How far should a homeowners association go to enforce speeding, traffic violations and reckless driving within their community? What should a Board of Directors do when a homeowner or resident speeds or endangers the safety of others in the association with their driving?  In some states around the United States, including Illinois and Florida, there is a growing trend among homeowners associations to issue traffic citations for speeding and reckless driving. A Board in Illinois hired a security department to use radar, lights, and recording devices to issues citations, with established fines in their community.  The security officers also wore special uniforms and badges.[1] Is this taking it too far? Should traffic violations be left to law enforcement?

Arizona does not have a law that specifically allows a homeowners association, through either the Board or other committee, to issue traffic citations. However, under Arizona law, a homeowners association has a duty to protect the safety of its members against foreseeable activities that create a danger or pose a threat. Further, many CC&Rs and Bylaws give boards broad rule making authority to adopt rules and regulations. The CC&Rs and rules and regulations often contain provisions that prohibit an owner from creating a nuisance or threatening the safety of other members. Further, under Arizona law, a homeowners association is allowed to impose reasonable monetary penalties for violations of the governing documents.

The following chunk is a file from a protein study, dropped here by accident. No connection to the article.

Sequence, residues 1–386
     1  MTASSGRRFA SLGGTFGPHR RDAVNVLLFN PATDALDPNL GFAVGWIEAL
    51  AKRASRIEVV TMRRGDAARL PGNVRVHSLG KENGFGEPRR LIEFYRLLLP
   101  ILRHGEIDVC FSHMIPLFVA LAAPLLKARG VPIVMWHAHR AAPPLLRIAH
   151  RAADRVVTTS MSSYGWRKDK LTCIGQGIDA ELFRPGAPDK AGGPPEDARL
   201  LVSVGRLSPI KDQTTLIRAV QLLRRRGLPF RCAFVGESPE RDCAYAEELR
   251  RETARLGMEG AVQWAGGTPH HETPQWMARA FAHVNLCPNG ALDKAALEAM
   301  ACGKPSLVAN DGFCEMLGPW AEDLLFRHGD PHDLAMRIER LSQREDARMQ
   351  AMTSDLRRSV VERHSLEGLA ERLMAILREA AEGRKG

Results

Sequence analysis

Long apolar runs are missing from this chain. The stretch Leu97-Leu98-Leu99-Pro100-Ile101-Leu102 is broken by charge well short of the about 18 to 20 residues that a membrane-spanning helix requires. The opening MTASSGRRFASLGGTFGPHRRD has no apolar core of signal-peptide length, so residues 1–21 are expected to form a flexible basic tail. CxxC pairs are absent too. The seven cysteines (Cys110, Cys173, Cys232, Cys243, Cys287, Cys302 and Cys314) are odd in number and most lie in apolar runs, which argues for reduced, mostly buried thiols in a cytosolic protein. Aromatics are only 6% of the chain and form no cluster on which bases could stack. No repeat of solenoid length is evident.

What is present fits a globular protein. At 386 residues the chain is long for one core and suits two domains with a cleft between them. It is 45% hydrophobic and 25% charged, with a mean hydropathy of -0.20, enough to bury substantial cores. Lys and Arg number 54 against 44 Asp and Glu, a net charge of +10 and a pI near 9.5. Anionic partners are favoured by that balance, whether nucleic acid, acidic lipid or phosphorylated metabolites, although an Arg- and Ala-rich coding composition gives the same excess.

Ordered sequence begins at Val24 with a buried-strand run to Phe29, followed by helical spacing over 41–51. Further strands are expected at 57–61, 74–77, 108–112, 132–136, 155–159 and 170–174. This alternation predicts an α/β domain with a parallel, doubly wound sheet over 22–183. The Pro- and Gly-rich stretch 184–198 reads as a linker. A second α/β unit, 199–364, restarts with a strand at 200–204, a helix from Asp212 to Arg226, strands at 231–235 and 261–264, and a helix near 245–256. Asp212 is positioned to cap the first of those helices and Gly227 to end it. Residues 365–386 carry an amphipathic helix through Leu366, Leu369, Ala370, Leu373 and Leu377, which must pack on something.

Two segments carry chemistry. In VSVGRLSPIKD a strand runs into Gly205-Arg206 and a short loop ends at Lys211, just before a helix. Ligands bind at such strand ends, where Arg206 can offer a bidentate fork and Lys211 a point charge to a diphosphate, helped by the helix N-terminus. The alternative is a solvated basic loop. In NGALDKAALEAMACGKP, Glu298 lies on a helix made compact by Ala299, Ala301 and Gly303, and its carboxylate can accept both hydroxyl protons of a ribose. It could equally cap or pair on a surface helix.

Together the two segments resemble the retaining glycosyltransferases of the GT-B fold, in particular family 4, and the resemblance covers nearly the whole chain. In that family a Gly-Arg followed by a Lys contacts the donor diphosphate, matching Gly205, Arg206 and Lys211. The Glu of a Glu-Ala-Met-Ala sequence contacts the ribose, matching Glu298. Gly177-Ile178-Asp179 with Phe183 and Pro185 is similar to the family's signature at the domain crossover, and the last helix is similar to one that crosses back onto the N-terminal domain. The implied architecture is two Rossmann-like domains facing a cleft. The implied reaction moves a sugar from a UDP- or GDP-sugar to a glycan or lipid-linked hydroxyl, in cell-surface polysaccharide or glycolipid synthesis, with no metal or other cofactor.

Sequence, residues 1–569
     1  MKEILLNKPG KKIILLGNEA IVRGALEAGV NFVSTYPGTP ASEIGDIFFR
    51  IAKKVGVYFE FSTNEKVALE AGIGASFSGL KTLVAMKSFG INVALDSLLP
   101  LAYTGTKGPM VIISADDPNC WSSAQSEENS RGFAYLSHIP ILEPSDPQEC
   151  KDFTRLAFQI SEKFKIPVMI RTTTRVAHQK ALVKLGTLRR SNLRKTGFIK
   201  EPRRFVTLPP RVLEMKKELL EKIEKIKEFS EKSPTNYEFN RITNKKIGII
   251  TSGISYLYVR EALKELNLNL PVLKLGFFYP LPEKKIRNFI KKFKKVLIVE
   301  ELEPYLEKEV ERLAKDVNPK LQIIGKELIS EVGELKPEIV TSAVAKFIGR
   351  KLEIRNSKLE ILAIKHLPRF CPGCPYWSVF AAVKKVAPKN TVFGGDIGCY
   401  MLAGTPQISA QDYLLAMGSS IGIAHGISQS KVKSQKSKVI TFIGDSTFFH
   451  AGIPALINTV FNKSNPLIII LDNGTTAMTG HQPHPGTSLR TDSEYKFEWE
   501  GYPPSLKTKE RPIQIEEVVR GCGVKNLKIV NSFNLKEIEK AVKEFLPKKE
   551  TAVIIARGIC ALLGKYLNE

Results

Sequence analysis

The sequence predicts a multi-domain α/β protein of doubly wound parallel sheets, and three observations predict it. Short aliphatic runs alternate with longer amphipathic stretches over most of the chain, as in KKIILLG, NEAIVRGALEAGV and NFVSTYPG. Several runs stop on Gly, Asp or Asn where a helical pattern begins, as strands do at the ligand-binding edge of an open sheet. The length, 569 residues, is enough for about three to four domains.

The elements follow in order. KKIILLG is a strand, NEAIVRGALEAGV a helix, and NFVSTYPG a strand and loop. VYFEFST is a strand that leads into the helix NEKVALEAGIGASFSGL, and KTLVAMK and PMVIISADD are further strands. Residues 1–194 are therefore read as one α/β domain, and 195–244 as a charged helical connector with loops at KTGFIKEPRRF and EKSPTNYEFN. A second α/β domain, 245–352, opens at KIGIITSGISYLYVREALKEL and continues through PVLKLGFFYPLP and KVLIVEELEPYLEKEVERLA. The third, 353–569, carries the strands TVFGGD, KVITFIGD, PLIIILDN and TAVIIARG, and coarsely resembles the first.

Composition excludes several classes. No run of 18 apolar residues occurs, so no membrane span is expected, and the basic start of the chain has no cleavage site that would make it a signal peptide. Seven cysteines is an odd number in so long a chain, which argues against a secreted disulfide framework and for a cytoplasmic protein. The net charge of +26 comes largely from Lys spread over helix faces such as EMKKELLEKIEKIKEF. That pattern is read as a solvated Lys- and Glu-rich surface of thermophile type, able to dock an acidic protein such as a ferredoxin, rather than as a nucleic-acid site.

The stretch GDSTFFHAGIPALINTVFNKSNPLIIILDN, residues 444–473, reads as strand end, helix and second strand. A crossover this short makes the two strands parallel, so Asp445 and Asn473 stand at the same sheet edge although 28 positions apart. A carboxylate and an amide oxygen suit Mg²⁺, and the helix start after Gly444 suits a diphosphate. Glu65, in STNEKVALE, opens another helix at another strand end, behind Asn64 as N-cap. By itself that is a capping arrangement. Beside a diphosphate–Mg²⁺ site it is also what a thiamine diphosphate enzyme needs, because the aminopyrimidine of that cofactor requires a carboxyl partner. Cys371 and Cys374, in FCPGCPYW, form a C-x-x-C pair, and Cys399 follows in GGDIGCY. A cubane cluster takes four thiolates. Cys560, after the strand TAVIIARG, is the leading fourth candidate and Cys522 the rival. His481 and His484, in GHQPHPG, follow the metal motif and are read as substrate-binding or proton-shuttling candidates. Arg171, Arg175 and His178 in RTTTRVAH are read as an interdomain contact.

So, if your homeowners association is having these traffic issues, what should you do? Our firm has put together some suggestions to reduce speeding and reckless driving in your association.

  1. Talk to local law enforcement about the issue and check with your municipality on whether they have additional support for speed awareness or a speed reduction program.
  2. If your streets are public streets, talk to your local law enforcement about the issue immediately.
  3. If your streets are private streets, post signs in the community and amend your governing documents to include restrictions on speeding and reckless driving. Post speed limit signs and use speedbumps and/or a radar tracking device.
  4. Use the Association’s newsletter, website and bulletin boards to communicate the importance of a safe community.
  5. If your streets are private, and the speed limits are incorporated into the governing documents, write a violation letter and allow for notice and an opportunity to be heard. After the notice and opportunity to be heard, fine owners for the reckless behavior.

If you have questions regarding a reckless driver within your community, call your local police enforcement or an attorney to better understand your enforcement rights and remedies.


[1] If you would like more information about a specific case in Illinois where the Supreme Court of Illinois upheld the association’s ability to enforce its rules for speeding violations in the community, please see the case cited below. The court held that the association could stop members for traffic violations and issue citations, with associated fines for the violations. Poris v. Lake Holiday Property Owners Ass’n, 983 N.E. 2d 993 (2013).